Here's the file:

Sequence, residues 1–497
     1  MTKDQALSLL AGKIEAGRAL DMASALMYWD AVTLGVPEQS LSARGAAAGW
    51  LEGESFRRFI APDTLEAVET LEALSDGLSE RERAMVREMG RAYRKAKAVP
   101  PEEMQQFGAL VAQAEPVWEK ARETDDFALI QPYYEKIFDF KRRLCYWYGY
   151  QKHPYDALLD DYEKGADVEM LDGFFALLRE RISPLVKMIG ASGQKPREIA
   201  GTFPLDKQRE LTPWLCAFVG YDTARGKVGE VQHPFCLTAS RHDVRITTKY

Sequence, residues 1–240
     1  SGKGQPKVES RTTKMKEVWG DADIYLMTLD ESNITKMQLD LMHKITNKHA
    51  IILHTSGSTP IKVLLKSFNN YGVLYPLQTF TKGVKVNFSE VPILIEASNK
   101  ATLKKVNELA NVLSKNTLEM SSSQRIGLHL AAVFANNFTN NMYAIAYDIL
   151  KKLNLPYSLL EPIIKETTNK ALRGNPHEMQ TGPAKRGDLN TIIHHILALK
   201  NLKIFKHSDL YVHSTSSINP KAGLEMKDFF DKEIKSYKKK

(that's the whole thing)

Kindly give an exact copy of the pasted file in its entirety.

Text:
Sequence, residues 1–497
     1  MTKDQALSLL AGKIEAGRAL DMASALMYWD AVTLGVPEQS LSARGAAAGW
    51  LEGESFRRFI APDTLEAVET LEALSDGLSE RERAMVREMG RAYRKAKAVP
   101  PEEMQQFGAL VAQAEPVWEK ARETDDFALI QPYYEKIFDF KRRLCYWYGY
   151  QKHPYDALLD DYEKGADVEM LDGFFALLRE RISPLVKMIG ASGQKPREIA
   201  GTFPLDKQRE LTPWLCAFVG YDTARGKVGE VQHPFCLTAS RHDVRITTKY

Sequence, residues 1–240
     1  SGKGQPKVES RTTKMKEVWG DADIYLMTLD ESNITKMQLD LMHKITNKHA
    51  IILHTSGSTP IKVLLKSFNN YGVLYPLQTF TKGVKVNFSE VPILIEASNK
   101  ATLKKVNELA NVLSKNTLEM SSSQRIGLHL AAVFANNFTN NMYAIAYDIL
   151  KKLNLPYSLL EPIIKETTNK ALRGNPHEMQ TGPAKRGDLN TIIHHILALK
   201  NLKIFKHSDL YVHSTSSINP KAGLEMKDFF DKEIKSYKKK